• 15% tariff reduced from entry-into-force and eliminated in 2013.

Lead and articles thereof (HS Chapter 78)

  • Tariffs of 5% and 10% eliminated from entry-into-force.

Products of the milling industry (HS Chapter 11)

  • Tariffs of 5% reduced to 4% from 2015 and eliminated in 2020 on wheat flour (HS Sub-heading 1101.00).
  • Tariffs of 5% eliminated from entry-into-force on starches, inulin and gluten (HS Heading 1108-1109).

Beef (HS Heading 0201-0202)

  • Tariffs of 5% eliminated from entry-into-force for imports of fresh, chilled or frozen carcasses and half-carcasses and other fresh or chilled cuts with bone in.

Automotive Parts and Components (HS Chapter 87)

  • Tariff-free treatment on almost all tariff lines achieved by 2020 (and on about 80% of tariff lines by 2013).
    • For example, elimination of a 15% tariff by 2013 or 2014 on exports of miscellaneous motor vehicle parts and accessories (HS 8708.99).

Passenger Motor Vehicles (HS Chapter 87)

  • Tariff elimination achieved in 2014 for PMV with spark ignition engines of cylinder capacity exceeding 3000cc.
  • Tariff elimination achieved in 2019 for PMV with spark ignition engines of cylinder capacity less than or equal to 3000cc range.

Trade in Services Opportunities for South Australia

  • Services exports from South Australia to the world were worth $2 billion in 2010, accounting for 18.6% of the State’s total exports.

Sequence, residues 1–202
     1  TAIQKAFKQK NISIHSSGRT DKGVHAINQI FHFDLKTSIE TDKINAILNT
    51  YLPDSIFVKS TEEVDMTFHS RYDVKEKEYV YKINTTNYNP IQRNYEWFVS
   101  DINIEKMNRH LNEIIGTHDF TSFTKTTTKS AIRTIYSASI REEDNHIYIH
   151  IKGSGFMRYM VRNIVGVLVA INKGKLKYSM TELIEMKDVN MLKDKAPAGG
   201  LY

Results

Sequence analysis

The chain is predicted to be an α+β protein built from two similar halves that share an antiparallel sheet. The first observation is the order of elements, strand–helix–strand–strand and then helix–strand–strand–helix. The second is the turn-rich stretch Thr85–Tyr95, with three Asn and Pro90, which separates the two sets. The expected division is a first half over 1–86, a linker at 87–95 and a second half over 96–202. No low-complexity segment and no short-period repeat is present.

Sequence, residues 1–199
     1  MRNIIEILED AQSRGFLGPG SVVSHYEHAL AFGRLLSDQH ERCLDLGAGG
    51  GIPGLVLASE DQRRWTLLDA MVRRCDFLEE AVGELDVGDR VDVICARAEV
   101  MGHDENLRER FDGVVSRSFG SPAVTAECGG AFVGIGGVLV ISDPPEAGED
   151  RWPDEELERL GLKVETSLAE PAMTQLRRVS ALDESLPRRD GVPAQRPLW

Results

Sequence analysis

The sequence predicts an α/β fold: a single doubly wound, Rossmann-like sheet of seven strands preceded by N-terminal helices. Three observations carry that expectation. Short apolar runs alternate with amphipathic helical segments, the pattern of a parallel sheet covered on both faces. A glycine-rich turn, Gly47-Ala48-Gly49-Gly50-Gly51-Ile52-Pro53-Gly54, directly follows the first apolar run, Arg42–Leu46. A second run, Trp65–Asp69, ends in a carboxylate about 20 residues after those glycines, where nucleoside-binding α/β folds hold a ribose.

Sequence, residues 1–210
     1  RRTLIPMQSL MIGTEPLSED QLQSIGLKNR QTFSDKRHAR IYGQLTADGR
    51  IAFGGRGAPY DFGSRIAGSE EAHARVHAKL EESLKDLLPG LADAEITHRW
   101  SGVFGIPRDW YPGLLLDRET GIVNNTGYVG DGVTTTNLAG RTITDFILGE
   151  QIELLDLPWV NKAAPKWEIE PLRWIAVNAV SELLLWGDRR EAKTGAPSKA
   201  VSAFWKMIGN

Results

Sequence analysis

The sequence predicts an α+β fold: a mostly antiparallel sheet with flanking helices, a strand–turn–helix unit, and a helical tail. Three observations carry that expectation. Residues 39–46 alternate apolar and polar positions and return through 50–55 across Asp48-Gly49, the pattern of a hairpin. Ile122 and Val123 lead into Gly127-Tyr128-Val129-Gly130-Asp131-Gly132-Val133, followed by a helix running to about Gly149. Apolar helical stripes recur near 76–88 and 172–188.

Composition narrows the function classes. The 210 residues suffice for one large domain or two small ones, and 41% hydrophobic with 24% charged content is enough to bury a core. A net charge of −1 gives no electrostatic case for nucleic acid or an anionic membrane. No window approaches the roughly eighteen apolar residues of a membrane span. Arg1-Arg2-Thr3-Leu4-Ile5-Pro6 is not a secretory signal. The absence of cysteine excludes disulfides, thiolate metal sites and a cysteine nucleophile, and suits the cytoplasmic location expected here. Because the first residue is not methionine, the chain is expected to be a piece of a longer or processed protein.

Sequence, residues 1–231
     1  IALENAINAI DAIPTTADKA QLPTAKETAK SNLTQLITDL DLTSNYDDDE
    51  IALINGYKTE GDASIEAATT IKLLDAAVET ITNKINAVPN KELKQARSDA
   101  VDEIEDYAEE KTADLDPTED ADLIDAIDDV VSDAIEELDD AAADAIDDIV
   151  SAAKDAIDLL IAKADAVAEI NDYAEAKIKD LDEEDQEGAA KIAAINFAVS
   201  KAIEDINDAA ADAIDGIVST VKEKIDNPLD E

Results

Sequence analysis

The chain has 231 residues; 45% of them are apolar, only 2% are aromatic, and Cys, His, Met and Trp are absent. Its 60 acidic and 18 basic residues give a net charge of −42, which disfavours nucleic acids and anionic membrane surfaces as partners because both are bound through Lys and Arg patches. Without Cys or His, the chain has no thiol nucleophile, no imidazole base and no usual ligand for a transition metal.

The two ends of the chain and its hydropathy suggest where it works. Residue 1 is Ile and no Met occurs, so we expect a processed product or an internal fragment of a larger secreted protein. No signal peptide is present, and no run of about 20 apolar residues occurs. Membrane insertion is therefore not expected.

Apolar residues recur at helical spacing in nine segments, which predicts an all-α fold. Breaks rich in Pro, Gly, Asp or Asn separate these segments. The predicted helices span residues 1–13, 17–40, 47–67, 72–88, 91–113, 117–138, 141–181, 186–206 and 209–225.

• Education and Travel were South Australia’s top services exports in 2010, comprising $1.7 billion or 78% of the State’s services exports.
    • In 2010, there were 445 Indonesian student enrolments in South Australia. Of these, 325 enrolments were in higher education study.
  • South Australia’s services exporters are in a strong position to access the growing services markets in Indonesia.
    • In banking services, Indonesia has committed to allow purchase on the stock exchange of up to 51% of shares in a local existing bank.
    • In insurance services, Indonesia has committed to allowing foreign equity participation of 80% for Australian service suppliers.
    • In construction services, Indonesia has committed to allowing joint ventures with aggregate foreign equity of 55%.
    • Indonesia has committed to permit foreign lawyers to work in Indonesian law firms as employees or experts in international law (with the share of foreign lawyers to not exceed 20% of total legal staff or five foreign lawyers per firm).
  • A built-in review provision provides for further improvements to be negotiated over time, as the ASEAN countries progressively liberalise their services sectors.

CASE STUDY – REFINED COPPER

At $52 million, refined copper was one of South Australia’s biggest export commodities to Indonesia in 2010. Almost 75% of Economic Demonstrated Resources (EDR) of copper in Australia is in South Australia, mostly contained in the Olympic Dam deposit. More than 3,800 people are employed by the copper mining industry in South Australia.

Australia is estimated to have about 13% of the world’s economic resources of copper, the second largest after Chile and ahead of Peru, Mexico, the USA, Indonesia and China. Refined copper is one of Australia’s top 10 commodity exports, worth about $2.6 billion a year.

The entry into force of AANZFTA for Indonesia will see the reduction and elimination of tariffs on refined copper. Tariffs on copper cathodes will be reduced from 5% to 3% in 2025 and all other tariffs of 5% and 10% will be eliminated from entry-into-force. Tariffs of 15% will be reduced on entry-into-force and then eliminated by 2013, and tariffs of 20% will be reduced on entry-into-force and eliminated in 2014.

Last Updated: 18 November 2011